3rd-2nd century B.C. vase from Syunik, Armenia

However, the physical artifacts in its collections primarily date from the 19th and early 20th centuries. Among these is the medal “Capture of the Erivan Fortress,” which was issued to commemorate the conclusion of the Russo-Persian War of 1826-28, which led to the annexation of Eastern Armenia to the Russian Empire. The charter of the Lazarev Institute of Oriental Languages (1855) and the illustrated magazine Mayak of Armenia (1881) are part of exhibits on the Moscow Armenian community.

The medal “Capture of the Erivan Fortress,” which was issued to commemorate the conclusion of the Russo-Persian War of 1826-28
The book Fraternal Assistance to Armenians Injured in Turkey, 1897

A number of publications and artifacts displayed concern the massacres of Ottoman Armenians under Sultan Abdulhamid II and the Genocide, including an issue of the magazine Le Rire [The Laughter], published in Paris in 1897 with a caricature of Abdulhamid, the “Bloody Sultan,” and the Russian-language anthology entitled Fraternal Assistance to Armenians Injured in Turkey including the writings of various writers, scholars and historians published in Moscow in 1897 by Grigory Dzhanshiev [Krikor Janshian].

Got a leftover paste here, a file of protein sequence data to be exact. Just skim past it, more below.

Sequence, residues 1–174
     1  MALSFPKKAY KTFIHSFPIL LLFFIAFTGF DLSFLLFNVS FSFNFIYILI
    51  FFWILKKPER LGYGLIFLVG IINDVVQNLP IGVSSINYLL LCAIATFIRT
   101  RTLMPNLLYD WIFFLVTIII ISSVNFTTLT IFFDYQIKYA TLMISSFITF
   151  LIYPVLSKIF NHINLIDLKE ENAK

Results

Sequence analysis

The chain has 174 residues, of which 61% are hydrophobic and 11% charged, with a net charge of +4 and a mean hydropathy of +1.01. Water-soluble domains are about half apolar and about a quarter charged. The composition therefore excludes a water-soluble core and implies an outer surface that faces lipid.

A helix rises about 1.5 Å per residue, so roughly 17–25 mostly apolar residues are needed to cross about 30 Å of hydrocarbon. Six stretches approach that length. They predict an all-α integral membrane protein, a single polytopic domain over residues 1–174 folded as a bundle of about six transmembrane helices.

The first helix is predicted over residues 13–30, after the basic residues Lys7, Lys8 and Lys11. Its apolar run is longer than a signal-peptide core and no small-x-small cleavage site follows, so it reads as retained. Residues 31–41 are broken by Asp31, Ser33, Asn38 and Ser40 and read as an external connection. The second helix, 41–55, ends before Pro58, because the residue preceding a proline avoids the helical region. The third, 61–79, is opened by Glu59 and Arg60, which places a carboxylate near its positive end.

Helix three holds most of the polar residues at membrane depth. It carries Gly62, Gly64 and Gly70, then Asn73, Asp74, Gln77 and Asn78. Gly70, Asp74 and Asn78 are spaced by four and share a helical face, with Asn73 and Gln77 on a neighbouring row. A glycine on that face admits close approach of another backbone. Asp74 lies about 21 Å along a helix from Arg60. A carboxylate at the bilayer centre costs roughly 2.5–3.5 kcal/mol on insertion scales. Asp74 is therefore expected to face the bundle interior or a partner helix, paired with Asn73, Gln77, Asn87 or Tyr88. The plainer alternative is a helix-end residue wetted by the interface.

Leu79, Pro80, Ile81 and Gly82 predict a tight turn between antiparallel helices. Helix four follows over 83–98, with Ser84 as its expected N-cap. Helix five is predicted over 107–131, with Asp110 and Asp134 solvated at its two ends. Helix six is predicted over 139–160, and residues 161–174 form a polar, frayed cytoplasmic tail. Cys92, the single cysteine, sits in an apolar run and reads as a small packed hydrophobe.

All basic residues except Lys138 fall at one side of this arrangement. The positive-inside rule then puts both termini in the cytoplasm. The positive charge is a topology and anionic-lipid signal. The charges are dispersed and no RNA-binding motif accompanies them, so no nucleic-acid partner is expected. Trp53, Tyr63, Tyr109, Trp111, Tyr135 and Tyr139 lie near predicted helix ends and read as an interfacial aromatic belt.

Postage stamps “Petrograd to Armenians” and “Help to the Middle East” are in the same section along with the medal “Armenians and Russians in the Year of Trials” (1915).

Interactive Displays

The emphasis of the museum is on virtual interactive displays. In addition to the Armenian Genocide exhibition mentioned above, there are several other important sections. For example, there is an online interactive globe which provides information on Armenian communities throughout the world. When the globe is turned, on the screen the location of local Armenian communities appear. Zooming in, information on the numbers of Armenians living there, and their institutions, including schools, churches and festivals, appears.